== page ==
And so although it was shocking to me the first time I read a call for the abolition of the white race–not of people who are white! but of the notion of a white race or cultural identity!–I realized it is like calling for the abolition of monarchy in the American colonies two centuries ago or in Australia today does not mean killing Queen Elizabeth. It means delegitimizing a structural way of thinking or doing things.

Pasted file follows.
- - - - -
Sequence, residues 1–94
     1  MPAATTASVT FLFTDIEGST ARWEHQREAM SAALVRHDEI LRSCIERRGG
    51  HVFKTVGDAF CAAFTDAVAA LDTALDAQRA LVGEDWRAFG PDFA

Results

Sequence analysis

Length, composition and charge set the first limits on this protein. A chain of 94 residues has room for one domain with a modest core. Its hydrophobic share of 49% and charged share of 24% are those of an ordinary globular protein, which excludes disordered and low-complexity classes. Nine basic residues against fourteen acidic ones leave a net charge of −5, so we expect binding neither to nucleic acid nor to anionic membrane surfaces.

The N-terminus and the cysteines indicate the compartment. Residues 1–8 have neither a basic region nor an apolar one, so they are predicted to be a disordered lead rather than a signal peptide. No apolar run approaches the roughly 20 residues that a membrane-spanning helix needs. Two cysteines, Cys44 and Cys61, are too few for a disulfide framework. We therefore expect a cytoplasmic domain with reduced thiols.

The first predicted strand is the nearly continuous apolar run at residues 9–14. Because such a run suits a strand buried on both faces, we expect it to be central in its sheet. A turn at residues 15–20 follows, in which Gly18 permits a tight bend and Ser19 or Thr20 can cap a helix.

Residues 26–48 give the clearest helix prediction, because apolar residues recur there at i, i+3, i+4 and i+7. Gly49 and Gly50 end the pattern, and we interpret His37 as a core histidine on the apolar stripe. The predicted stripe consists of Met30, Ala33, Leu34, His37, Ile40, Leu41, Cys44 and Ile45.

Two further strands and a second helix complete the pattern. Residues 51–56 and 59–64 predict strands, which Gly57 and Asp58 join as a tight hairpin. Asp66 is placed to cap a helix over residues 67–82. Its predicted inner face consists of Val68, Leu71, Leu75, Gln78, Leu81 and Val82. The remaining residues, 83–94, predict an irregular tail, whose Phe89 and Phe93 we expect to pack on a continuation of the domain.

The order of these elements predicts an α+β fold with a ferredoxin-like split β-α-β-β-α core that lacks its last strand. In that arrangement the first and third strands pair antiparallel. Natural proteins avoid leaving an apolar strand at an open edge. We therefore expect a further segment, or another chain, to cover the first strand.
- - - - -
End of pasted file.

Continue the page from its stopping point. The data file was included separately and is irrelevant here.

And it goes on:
I personally do not think healing will come to America from the still-festering legacy of the Original Sin of treatment of Native Americans and African slavery (even though the American colonies were late in the game on slavery in the arc of world history, it was at the latest stage after most of the rest of the world knew slavery was wrong, and it was an institution which fundamentally built America’s national wealth as brought out in Edward Baptist’s book) … until there is a realization of some form of formal national apology combined with reparations. Reparations matter–ownership of wealth and assets matters, more so than increases in income–and toward the end of his life, before he was untimely cut down by assassination, Martin Luther King called for reparations–but King’s vision was that the descendants of slaves would then share out such reparations to ALL poor people in America, black and white and everyone. What a vision of healing poor whites/blacks divide. No wonder King was killed. Ineffective voices, no problem, there is plenty of free speech in America for that. King was different. He was effective. He was changing America. FBI director J. Edgar Hoover considered King the most dangerous man in America. King was cut down. There was no national discourse leading to King’s vision of reparations, a poor-whites/black healing, and an end to poverty in America. King was too good for this world. Today there is a national holiday for him in America. But like candles in the darkness the dream lives on and I believe will one day come about.